From My Bookshelf: The Memoirs of Vera Weizmann
Earlier this year I was lucky enough to participate in a seminar that gave me a better understanding of the history and philosophies (note the plural) behind Zionism. Through the class, I also developed a much deeper appreciation and respect for so many heroes in the story of Zionism, including Chaim Weizmann. And I heard (or read) enough about Dr. Weizmann’s wife, Vera (who was also “Dr. Weizmann” – which is especially impressive when one recalls that Vera was born in Russia in 1881!) to make me want to learn more about her.
So, recently, I picked up a copy of The Impossible Takes Longer: The Memoirs of Vera Weizmann as told to David Tutaev. The book was published by Harper & Row in 1967, shortly after Vera Weizmann’s death.
Frankly, I need (and want) to read it again. It is wonderfully detailed and I want to be sure that I caught everything. For now, though, I thought I’d simply share a few choice morsels from the memoir:
“I do not propose to write about the Paris Peace Conference [after World War I] or my husband’s part in it–he has written his own account of what happened. But one episode which he recounted to me stays in my memory. To his intense surprise, Baron Edmond de Rothschild, whom he knew to be a good Zionist, had nominated Professor Sylvain Lévi as one of the Jewish representatives at the peace conference. Lévi’s lukewarm, even hostile, attitude towards Zionism had been clearly apparent when he was serving as a member of the Zionist Commission in Palestine early in 1918, and at the peace conference he excelled himself in creating as many obstacles as possible. The spectacle of Jewish representatives arguing among themselves would not be particularly edifying, thought Chaim. So when the American Secretary of State, Mr. Lansing, to save the situation, asked Chaim to define what he meant by ‘a Jewish national homeland,’ my husband replied, ‘I think Palestine should be as Jewish as England is English, France is French, and America is American’. At the close of this session, Balfour sent his secretary to congratulate Chaim: but when Lévi came up to Chaim and held out his hand, my husband refused to shake it.” (p. 95; emphasis mine)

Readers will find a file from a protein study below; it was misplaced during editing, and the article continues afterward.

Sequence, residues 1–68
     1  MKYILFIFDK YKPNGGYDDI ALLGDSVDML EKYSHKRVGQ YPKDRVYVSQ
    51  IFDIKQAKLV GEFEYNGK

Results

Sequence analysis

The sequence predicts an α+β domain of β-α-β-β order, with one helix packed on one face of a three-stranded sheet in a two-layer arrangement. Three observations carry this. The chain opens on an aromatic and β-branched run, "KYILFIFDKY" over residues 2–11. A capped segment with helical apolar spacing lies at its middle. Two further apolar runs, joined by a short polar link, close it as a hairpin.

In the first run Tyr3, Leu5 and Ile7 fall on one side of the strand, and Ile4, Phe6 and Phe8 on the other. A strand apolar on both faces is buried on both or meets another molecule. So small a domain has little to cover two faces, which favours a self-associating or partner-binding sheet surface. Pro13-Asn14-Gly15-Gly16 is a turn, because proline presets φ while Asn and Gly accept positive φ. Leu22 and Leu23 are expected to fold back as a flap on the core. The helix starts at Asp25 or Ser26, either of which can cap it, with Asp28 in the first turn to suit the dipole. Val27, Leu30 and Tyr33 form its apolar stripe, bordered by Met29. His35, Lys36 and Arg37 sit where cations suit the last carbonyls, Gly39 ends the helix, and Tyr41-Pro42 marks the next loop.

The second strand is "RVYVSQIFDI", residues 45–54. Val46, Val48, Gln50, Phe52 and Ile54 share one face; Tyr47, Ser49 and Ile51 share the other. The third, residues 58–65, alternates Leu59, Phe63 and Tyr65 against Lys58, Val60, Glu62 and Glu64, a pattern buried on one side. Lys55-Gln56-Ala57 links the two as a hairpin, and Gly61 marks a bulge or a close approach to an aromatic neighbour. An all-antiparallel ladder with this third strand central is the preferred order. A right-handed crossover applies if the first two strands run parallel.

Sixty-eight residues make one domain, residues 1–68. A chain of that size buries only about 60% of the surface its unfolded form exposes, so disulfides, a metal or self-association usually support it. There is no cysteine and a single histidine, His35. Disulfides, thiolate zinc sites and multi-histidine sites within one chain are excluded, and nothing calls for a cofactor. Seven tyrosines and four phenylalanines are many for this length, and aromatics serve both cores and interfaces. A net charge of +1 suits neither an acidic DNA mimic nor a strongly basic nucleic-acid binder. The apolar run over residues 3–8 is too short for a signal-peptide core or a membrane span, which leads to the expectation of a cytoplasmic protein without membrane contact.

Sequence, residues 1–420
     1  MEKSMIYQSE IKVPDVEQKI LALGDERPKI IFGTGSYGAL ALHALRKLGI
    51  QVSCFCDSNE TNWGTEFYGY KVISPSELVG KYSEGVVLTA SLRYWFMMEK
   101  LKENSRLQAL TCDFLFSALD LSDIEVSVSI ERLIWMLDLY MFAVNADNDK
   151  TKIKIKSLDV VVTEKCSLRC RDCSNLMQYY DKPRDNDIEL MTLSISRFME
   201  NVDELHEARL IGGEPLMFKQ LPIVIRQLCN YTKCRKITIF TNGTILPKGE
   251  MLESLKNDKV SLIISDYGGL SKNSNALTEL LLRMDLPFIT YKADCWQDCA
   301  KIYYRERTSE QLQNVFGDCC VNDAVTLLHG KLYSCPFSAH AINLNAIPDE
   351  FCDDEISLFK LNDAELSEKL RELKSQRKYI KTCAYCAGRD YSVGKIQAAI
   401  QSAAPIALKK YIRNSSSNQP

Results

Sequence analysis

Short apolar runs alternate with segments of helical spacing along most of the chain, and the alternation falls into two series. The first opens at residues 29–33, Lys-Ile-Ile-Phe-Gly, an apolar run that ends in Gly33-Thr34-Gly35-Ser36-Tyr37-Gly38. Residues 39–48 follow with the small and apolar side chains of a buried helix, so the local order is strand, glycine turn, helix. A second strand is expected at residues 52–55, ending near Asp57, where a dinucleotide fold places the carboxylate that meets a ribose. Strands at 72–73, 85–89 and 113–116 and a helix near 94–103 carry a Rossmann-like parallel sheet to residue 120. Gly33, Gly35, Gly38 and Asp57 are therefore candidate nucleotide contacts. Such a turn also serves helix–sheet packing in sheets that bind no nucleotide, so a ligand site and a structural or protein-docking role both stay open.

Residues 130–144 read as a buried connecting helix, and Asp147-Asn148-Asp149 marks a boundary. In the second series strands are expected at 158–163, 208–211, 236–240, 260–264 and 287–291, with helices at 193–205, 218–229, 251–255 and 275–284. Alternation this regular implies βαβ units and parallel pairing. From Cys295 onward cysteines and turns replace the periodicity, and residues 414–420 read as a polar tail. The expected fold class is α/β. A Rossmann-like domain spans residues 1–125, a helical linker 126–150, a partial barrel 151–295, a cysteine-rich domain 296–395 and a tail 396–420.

“I can think no more poignant prophecy was ever uttered in our times than the statement which [Chaim Weizmann] made to the Peel Commission in Jerusalem in 1937. This is what he said:
Six million Jews are pent up in places where they are not wanted; and for them the world is divided into places where they cannot live and places which they may not enter. For these people a certificate for Palestine is the highest book. One in twenty, one in thirty may get in, and for them it is redemption.
As the ghastly events in Europe during the Second World War were to show, this was more than a bitter prophecy: it was an epitaph over the grave of European Jewry.” (p. 127)
“[I]n November 1951 Chaim had evidently written to congratulate him on his birthday: Churchill had been born in the same year as Chaim (1874), and only three days later. Churchill answered saying:
Thank you very much for your letter and good wishes. The wonderful exertions which Israel is making in these times of difficulty are cheering to an old Zionist like me. I trust you may work in with Jordan and the rest of the Moslem world. With true comradeship, there will be enough for all. Every good wish, my old friend.
There was nothing in these sentiments with which either Chaim or I could disagree but, despite many Israel overtures, the Arab world continued its propaganda war against our State.” (p. 249)
On my next trip to Israel, I hope to visit Weizmann House in Rehovot. Have any of you seen it?